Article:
A 12-year-old girl, who uses medical marijuana to manage her epilepsy and resultant seizures, is suing U.S. Attorney General Jeff Sessions to legalize the drug nationwide. Sessions, a long time cannabis prohibitionist, said "Our policy is the same really, fundamentally, as the Holder-Lynch policy, which is that the federal law remains in effect, and a state can legalize marijuana for its law enforcement purposes but it still remains illegal with regard to federal purposes".
That leaves Bortell, and patients like her, in limbo.
"She just wants to be like everybody else", Alexis' father, Dean Bortell, told NBC News. "Nothing she tried worked", the suit states.
"This is a civil rights case that focuses on the rights of individuals using life-saving medication to preserve their lives and health", said Bortell's attorney, Michael Hiller.
Alexis Bortell, along with her father and other plaintiffs, including former National Football League player Marvin Washington, filed suit in the Southern District of NY against the attorney general as well as the Department of Justice and the Drug Enforcement Agency. The Cannabis Cultural Association is also named as a plaintiff, according to court documents.
"As it pertains to Cannabis, the CSA (Controlled Substances Act) is irrational and thus unconstitutional", insisted Heller, who added the U.S. Government "made a representation that Cannabis has medical application for the treatments of Parkinson's Disease, HIV Induced Dementia and Alzheimer's disease and yet at the same time the United States Government maintains that there is absolutely no medical benefit for the use of Cannabis". ABC News says they contacted the Justice Department for comment on the lawsuit but did not get a response.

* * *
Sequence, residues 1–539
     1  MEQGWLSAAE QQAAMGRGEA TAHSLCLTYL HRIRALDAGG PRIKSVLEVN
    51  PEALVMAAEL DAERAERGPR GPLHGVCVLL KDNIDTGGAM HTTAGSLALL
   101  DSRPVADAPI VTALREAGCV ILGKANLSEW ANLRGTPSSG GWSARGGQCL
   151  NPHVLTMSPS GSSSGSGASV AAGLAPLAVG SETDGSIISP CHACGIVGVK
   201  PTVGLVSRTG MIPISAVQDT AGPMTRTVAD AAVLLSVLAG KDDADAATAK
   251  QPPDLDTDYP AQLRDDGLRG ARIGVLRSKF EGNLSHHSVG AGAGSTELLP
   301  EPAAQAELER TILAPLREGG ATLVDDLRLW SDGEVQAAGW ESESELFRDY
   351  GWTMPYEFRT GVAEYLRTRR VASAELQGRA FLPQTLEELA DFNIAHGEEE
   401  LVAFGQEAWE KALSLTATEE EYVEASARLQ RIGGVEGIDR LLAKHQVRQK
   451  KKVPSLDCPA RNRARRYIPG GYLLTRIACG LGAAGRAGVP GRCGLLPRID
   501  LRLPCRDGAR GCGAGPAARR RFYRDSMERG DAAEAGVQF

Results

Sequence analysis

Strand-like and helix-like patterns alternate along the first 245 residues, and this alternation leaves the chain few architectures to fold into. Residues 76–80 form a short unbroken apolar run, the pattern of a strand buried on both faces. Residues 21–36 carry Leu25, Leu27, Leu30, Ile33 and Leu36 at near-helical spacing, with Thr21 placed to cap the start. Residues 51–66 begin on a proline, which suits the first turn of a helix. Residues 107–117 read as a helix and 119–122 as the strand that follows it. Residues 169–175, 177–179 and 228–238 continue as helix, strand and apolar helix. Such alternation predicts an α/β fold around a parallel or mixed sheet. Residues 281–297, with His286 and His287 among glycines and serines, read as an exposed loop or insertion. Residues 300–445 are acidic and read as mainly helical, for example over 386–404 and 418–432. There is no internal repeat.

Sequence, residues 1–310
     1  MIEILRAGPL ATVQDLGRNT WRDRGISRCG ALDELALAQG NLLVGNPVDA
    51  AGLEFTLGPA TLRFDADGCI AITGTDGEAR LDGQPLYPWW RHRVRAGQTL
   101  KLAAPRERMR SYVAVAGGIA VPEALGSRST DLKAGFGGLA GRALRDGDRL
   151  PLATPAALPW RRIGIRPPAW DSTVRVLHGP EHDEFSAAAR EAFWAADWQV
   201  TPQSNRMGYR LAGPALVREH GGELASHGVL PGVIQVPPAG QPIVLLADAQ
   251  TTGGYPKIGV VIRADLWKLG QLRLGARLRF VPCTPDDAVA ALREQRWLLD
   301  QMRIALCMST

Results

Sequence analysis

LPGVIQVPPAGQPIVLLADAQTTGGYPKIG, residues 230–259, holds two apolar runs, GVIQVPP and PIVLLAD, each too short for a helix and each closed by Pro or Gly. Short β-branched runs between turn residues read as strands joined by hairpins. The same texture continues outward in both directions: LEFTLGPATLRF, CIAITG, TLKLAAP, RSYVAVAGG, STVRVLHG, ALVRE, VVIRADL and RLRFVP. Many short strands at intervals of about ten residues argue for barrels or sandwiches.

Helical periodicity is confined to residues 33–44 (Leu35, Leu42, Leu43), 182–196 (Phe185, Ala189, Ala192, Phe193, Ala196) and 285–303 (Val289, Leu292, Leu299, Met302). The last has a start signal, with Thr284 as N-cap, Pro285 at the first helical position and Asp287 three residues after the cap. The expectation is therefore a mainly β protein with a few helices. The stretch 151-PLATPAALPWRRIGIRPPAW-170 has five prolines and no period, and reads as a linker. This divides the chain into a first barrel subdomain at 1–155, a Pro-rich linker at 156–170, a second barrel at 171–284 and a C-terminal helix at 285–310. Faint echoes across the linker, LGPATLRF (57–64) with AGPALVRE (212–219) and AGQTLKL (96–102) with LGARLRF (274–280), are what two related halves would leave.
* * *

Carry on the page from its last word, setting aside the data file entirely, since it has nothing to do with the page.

Bortell moved from Texas to Colorado so she could get "a strain of cannabis oil called Haleigh's Hope", which helps with her seizures. And, "Since being on whole-plant medical Cannabis, Alexis has gone more than two years seizure-free". THC, or Tetrahydrocannabinol, is the active ingredient in marijuana that makes people feel "high".
Bortell has been suffering with seizures since she was 7-years-old.
Alexis isn't the only one suing the government over access to medical marijuana.
Bortell's lawsuit claims that she needs medical marijuana to help with her epilepsy. Will you abide by congressional appropriations limitations on marijuana when it conflicts with state laws? She returned to her home town of Denver in 2012 after living in eleven other cities in four countries, and.
Since the 1970s the Drug Enforcement Agency has classified marijuana as a Schedule One drug, which in the eyes of federal policy makes marijuana more unsafe than meth or cocaine and on par with heroin.
"I would like to be able to visit my grandparents without risking being taken to a foster home", Alexis said. If she returned to Texas with her Cannatol Rx, Alexis' parents could potentially lose custody of her.